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ERIC Number: ED577660
Record Type: Non-Journal
Publication Date: 2017
Pages: 147
Abstractor: As Provided
Reference Count: N/A
ISBN: 978-0-3550-6394-3
ISSN: EISSN-
A Quantitative Analysis of Organizational Factors That Relate to Data Mining Success
Huebner, Richard A.
ProQuest LLC, Ph.D. Dissertation, Capella University
The ubiquity of data in various forms has fueled the need for advanced data-mining techniques within organizations. The advent of data mining methods used to uncover hidden nuggets of information buried within large data sets has also fueled the need for determining how these unique projects can be successful. There are many challenges associated with ensuring that a data-mining project is successful. Previous literature explored technical and individual factors related to data mining, however, organizational factors related to data mining have not been widely explored to date. Identifying and understanding these factors provides business leaders and data mining professionals with a strategy and roadmap for improving data mining project outcomes and improving data mining success rates. This study examined the extent to which top management support and organizational size are related to data mining success. This study followed a quantitative correlational, non-experimental approach. A survey instrument containing a top management support and organizational impact scale was used for collecting data. The survey was hosted at SurveyMonkey.com, where a random sample of data mining professionals was asked to complete the survey. The sample consisted of 175 data-mining professionals. A correlation analysis and hierarchical multiple regression model were used to test the hypotheses. Top management support was found to be a significant predictor of data mining success. A hierarchical multiple regression model revealed that top management support accounted for approximately 18% of the overall variability of data mining success, leaving 82% to other factors. Specific top management behaviors, including participating in decision making and monitoring the project, were found to be significant predictors of data mining success. Results indicated that organizational size was not significantly related to data mining success. [The dissertation citations contained here are published with the permission of ProQuest LLC. Further reproduction is prohibited without permission. Copies of dissertations may be obtained by Telephone (800) 1-800-521-0600. Web page: http://www.proquest.com/en-US/products/dissertations/individuals.shtml.]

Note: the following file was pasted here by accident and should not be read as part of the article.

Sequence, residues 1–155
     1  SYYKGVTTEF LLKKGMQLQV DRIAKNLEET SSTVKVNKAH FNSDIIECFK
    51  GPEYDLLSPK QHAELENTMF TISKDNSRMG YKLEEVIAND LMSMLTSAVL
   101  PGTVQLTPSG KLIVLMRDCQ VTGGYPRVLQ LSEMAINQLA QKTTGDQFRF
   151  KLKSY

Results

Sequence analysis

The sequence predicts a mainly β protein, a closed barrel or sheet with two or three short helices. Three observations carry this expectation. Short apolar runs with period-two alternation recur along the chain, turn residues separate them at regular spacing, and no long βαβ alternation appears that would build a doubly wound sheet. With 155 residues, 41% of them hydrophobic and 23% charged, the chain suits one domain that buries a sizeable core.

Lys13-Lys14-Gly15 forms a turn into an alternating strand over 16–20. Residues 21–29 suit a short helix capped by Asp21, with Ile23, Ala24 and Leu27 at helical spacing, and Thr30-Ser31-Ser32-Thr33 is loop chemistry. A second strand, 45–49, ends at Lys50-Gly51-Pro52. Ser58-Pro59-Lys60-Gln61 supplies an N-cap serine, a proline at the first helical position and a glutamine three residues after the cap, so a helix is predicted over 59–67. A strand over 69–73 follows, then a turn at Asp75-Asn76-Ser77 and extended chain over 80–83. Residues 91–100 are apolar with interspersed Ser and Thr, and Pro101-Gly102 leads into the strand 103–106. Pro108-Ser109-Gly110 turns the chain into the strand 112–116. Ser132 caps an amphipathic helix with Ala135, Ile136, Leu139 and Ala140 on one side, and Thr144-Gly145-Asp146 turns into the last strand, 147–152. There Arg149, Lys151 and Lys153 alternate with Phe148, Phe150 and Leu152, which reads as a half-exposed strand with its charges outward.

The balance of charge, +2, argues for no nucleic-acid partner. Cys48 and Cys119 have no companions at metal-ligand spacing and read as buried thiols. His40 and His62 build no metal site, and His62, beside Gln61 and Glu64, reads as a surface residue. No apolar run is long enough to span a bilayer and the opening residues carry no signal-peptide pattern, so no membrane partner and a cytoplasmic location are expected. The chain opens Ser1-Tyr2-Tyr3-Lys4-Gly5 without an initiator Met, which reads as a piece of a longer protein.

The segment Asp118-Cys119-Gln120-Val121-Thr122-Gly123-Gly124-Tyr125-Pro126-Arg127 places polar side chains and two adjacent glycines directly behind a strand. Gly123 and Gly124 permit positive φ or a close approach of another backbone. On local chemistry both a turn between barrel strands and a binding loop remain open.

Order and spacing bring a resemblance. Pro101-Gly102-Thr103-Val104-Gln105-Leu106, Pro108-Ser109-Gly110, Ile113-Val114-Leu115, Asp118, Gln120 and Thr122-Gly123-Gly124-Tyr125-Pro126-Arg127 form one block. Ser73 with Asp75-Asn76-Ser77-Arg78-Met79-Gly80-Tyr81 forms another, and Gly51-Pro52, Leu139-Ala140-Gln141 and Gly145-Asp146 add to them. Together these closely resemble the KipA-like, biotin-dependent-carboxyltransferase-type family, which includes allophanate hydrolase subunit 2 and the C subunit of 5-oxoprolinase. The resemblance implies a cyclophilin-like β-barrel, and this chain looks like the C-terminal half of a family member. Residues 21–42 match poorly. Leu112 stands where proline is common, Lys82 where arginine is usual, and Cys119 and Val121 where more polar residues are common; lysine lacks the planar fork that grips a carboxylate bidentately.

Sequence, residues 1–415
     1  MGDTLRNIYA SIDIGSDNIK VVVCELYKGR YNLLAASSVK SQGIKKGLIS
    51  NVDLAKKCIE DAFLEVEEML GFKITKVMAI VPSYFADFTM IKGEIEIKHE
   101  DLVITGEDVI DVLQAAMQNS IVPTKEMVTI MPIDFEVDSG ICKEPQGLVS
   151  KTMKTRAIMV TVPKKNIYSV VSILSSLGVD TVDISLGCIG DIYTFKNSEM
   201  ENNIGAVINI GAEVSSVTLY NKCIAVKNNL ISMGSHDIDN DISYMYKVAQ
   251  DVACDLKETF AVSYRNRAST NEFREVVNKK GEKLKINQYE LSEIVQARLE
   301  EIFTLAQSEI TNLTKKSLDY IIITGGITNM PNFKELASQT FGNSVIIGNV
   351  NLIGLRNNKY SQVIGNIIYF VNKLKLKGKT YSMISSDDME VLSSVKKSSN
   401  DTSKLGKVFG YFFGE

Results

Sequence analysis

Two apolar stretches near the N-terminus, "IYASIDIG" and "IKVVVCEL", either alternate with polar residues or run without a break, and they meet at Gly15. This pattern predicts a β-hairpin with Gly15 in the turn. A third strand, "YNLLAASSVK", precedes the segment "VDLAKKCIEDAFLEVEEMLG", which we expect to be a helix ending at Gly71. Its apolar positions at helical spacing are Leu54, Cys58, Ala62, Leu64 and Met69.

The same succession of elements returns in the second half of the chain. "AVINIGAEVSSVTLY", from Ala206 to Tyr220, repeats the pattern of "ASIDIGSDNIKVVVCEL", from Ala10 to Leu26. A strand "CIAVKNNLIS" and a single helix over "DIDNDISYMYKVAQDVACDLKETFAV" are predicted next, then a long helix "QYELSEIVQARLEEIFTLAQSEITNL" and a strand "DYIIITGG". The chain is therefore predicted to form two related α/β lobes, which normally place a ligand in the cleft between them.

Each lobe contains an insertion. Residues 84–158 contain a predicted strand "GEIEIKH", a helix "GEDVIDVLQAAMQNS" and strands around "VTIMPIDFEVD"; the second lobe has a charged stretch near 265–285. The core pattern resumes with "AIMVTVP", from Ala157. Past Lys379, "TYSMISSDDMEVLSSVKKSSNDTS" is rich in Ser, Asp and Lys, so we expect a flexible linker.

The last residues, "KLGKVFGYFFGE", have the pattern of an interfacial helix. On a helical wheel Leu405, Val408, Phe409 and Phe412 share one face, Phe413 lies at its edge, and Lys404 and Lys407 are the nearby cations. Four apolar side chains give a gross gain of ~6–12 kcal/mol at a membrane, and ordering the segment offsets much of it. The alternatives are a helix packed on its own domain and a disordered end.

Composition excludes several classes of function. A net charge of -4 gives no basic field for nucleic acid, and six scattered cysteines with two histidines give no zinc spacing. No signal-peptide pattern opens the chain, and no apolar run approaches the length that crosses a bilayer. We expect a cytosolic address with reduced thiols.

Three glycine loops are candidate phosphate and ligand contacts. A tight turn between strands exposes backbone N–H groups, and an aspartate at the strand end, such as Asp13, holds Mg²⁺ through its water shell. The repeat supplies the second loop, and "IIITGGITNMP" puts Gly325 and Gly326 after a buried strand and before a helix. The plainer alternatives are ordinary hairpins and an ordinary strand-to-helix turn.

ProQuest LLC. 789 East Eisenhower Parkway, P.O. Box 1346, Ann Arbor, MI 48106. Tel: 800-521-0600; Web site: http://www.proquest.com/en-US/products/dissertations/individuals.shtml
Publication Type: Dissertations/Theses - Doctoral Dissertations
Education Level: N/A
Audience: N/A
Language: English
Sponsor: N/A
Authoring Institution: N/A